The band for the day was “Flick’s Picks”. They were pretty good, as you can imagine, and they even played one of B.B. Kings songs.
This guy was the bass player and namesake of the band, Leroy “Flick” Hodges. He has recorded with many famous artists including Al Green, Otis Clay, Cyndi Lauper, and Melissa Etheridge. You can check out his discography here.
From here we did some browsing in the local shops. Andrea found some hats that she just had to try on.
Another cool feature about Beale Street was their walk of fame. It was similar to Hollywood’s stars, but with music notes. You know, for the blues.
After our wandering it was time to go to my highlight of the evening (though not necessarily Andrea’s): an NBA basketball game. It was between the local team, the Memphis Grizzlies, and my favorite team, the Los Angeles Lakers. Yes, you read that right. I’ve been a fan of the Lakers since the 80’s, so you can’t call me bandwagon fan. Haha!
We went to the entrance to the Fedex Forum and waited for them to start letting people in the gates.
The inside was kind of nice.
And here is the view from our seats.
They had a live band that was playing pop hits from 1995, the first year of the Grizzlies franchise in Vancouver. The whole place was all about the 25th year of the franchise being in existence and the team even wore the throwback Vancouver Grizzlies uniforms. Here are some pre-game photos.
And this video of Dwight Howard during warm ups.
Finally the pre-game intros were ready to happen.
Then it was time for the Memphis Grizzlies introductions.
Their mascot is supposed to be a bear, but it looks more like a terrible werewolf costume.
Now we were almost ready for the tip-off to the game.
The first quarter did not start off very well for the Lakers. The were down by 10 and gave up about 7 or 8 three-point shots. The second quarter wasn’t much better. At one point in the game the Grizzlies three-point shooting percentage was above 85% and that was with over 10 shots. Let’s just say that is not normal for basketball. I had to hope that their average would get drop precipitously closer to the mean, somewhere in the 45% range for the game, for the Lakers to have a chance in the second half.
For the halftime show, and sticking with the 1995 theme, Montrell Jordan sang his huge hit from that year. He also sang the National Anthem before the game too.
The score at halftime was 63-55 with the Grizzlies having the commanding lead.
Here is some game action.
Then we had a celebrity sighting in Cedric the Entertainer! I have no idea who he was there to root for.
At the end of this craziness, LeBron James sinks a 3!
And here is some more game action near the end of the game.
That was Anthony Davis with the put back lay-up.
This last video was essentially the last play of the game.
And the Lakers win 109-108! It certainly was a pretty good game.
From here it was back to nearby Beale Street for a late dinner at Dyer’s where we had some greasy hamburgers.
The following is from Roadside America and tells a little about what makes Dyer’s different from other hamburger joints.
‘The secret of the tasty-taste of Dyer’s hamburgers, according to Dyer’s Burgers, is that they’re cooked in the grease that the restaurant started with back in 1912. Or at least some of that grease (The restaurant adds fresh grease to the old grease every now and then). To its credit, Dyer’s Burgers has been very protective of its grease over the years, moving it under armed guard as the restaurant has relocated to various Memphis addresses.
If you feel uneasy about burgers fried in “ancient grease,” the restaurant does say that the grease is strained every day. So it’s clean 100-year-old grease.’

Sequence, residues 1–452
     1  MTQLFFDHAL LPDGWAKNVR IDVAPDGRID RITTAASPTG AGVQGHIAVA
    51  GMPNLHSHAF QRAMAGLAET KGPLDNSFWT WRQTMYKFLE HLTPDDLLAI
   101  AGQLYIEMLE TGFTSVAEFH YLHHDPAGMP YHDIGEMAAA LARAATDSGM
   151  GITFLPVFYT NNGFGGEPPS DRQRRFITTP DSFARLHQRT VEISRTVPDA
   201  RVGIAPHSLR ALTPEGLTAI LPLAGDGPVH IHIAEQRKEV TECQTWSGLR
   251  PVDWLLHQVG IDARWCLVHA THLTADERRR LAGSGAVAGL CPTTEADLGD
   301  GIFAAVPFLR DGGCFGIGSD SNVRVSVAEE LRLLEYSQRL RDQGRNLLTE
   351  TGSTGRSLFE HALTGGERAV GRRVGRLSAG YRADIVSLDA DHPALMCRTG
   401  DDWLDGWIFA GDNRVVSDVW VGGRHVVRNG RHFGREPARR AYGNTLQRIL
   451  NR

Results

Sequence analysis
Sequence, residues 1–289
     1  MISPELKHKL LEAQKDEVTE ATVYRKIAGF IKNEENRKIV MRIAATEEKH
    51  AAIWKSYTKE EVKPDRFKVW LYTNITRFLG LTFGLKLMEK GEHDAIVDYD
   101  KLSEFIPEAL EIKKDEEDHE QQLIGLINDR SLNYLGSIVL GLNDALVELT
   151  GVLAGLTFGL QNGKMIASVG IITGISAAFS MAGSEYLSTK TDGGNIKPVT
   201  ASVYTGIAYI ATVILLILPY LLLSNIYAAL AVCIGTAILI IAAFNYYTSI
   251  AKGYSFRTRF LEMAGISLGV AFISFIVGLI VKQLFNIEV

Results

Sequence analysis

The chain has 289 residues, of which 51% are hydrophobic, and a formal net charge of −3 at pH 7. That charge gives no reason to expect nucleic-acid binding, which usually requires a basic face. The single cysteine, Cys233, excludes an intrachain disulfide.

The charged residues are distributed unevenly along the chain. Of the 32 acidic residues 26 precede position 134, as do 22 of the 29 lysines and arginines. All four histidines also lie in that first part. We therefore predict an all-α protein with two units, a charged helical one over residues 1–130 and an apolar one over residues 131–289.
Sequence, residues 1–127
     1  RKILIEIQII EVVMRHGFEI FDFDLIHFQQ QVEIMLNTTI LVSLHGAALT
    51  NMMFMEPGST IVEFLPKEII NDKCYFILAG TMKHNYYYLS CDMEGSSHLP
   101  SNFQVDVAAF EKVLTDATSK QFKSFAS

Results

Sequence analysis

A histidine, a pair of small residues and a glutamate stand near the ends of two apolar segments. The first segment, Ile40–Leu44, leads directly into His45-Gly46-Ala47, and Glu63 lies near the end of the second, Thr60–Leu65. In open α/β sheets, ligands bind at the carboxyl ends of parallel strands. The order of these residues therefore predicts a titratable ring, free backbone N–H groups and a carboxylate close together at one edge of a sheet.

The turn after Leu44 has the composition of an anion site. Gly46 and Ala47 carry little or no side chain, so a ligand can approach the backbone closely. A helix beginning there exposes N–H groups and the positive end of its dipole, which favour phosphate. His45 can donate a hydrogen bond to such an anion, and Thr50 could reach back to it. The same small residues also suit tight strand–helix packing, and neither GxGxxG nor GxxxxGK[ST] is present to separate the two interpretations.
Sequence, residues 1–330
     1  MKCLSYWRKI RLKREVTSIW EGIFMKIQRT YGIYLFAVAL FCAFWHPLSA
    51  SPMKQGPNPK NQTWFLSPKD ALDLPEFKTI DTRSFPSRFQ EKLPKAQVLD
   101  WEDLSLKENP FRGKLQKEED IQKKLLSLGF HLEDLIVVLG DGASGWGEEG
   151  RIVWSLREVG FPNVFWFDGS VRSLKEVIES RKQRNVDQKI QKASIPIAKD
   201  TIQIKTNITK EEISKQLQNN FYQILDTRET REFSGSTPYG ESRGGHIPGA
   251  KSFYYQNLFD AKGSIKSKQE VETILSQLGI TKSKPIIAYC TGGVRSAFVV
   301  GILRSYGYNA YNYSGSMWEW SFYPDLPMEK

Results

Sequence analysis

The burgers were somewhat tasty with a hint of pepper. But, so far, for our money, we will take a Smashburger burger any day over a Dyer’s.
We didn’t stick around for long after eating. We are not partiers or drinkers like the many other people that were on Beale Street that night. But here are a few more pics.
The next morning, Sunday, woke up in our hotel, a La Quinta near the airport, to have breakfast. After that we took the short trip over to Graceland! That’s right, we went to the house that Elvis Presley, the king of rock & roll, lived in. The area across the street had been turned into a shopping center and museum area. We were just there to see the house though.
After buying tickets for the house tour we were funneled into a small theater to watch a short video on Elvis Presley and the Graceland mansion. From there we were handed an iPad that would serve as our “tour guide” and taken over to the mansion in a small bus.
The mansion was bought in 1957 for just over $100,000 when Elvis was only 21 or 22 years old. That should give you an idea of how quickly he became rich and famous through his music. I don’t want to spoil too much of the house in case any of you want to go there one day, but I will show a few photos of some of my favorite rooms.
This was the first room you see as you walk into the house.
The stairwell to the basement had mirrors on both sides and the ceiling.
One of the rooms in the basement.
The backside of the mansion.
Baby Elvis and his parents.
After the tour of the mansion we were taken back across the street and then went to see two of Elvis’ planes. Here are some photos of the outside of them.
The tour of the mansion and planes took roughly two hours. If you add on everything else there it is supposed to be another two hours or so. I highly recommend going to Graceland if you were a fan of Elvis at any point in your life. Afterwards we got a milkshake, despite the cold, at the candy shop there and then made the six-hour trek back home.
Memphis seems to have a lot going for it. We didn’t get to do any where near everything that we could have over the weekend in the city, so we want to go back at some point. We can explore the zoo, Mud Island, more of downtown, and it would be cool to hang out on Beale Street some more. There are plenty of museums dedicated to the immense amount of music history that came from the city. And then there is the Lorraine Motel, part of the National Civil Rights Museum. On top of all of that, we didn’t even get to try the famous Memphis barbecue. Yeah, we will definitely be making another trip to Memphis!